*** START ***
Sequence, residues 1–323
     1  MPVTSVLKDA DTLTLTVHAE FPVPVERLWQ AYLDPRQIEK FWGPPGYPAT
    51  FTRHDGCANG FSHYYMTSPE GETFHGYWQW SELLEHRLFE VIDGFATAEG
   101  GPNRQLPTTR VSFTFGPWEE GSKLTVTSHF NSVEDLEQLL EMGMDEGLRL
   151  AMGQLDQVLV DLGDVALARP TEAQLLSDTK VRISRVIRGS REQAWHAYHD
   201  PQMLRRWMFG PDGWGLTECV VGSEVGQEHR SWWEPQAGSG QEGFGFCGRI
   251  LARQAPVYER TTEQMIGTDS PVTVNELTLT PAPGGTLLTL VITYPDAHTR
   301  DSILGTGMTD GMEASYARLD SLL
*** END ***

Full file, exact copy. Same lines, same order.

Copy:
Sequence, residues 1–323
     1  MPVTSVLKDA DTLTLTVHAE FPVPVERLWQ AYLDPRQIEK FWGPPGYPAT
    51  FTRHDGCANG FSHYYMTSPE GETFHGYWQW SELLEHRLFE VIDGFATAEG
   101  GPNRQLPTTR VSFTFGPWEE GSKLTVTSHF NSVEDLEQLL EMGMDEGLRL
   151  AMGQLDQVLV DLGDVALARP TEAQLLSDTK VRISRVIRGS REQAWHAYHD
   201  PQMLRRWMFG PDGWGLTECV VGSEVGQEHR SWWEPQAGSG QEGFGFCGRI
   251  LARQAPVYER TTEQMIGTDS PVTVNELTLT PAPGGTLLTL VITYPDAHTR
   301  DSILGTGMTD GMEASYARLD SLL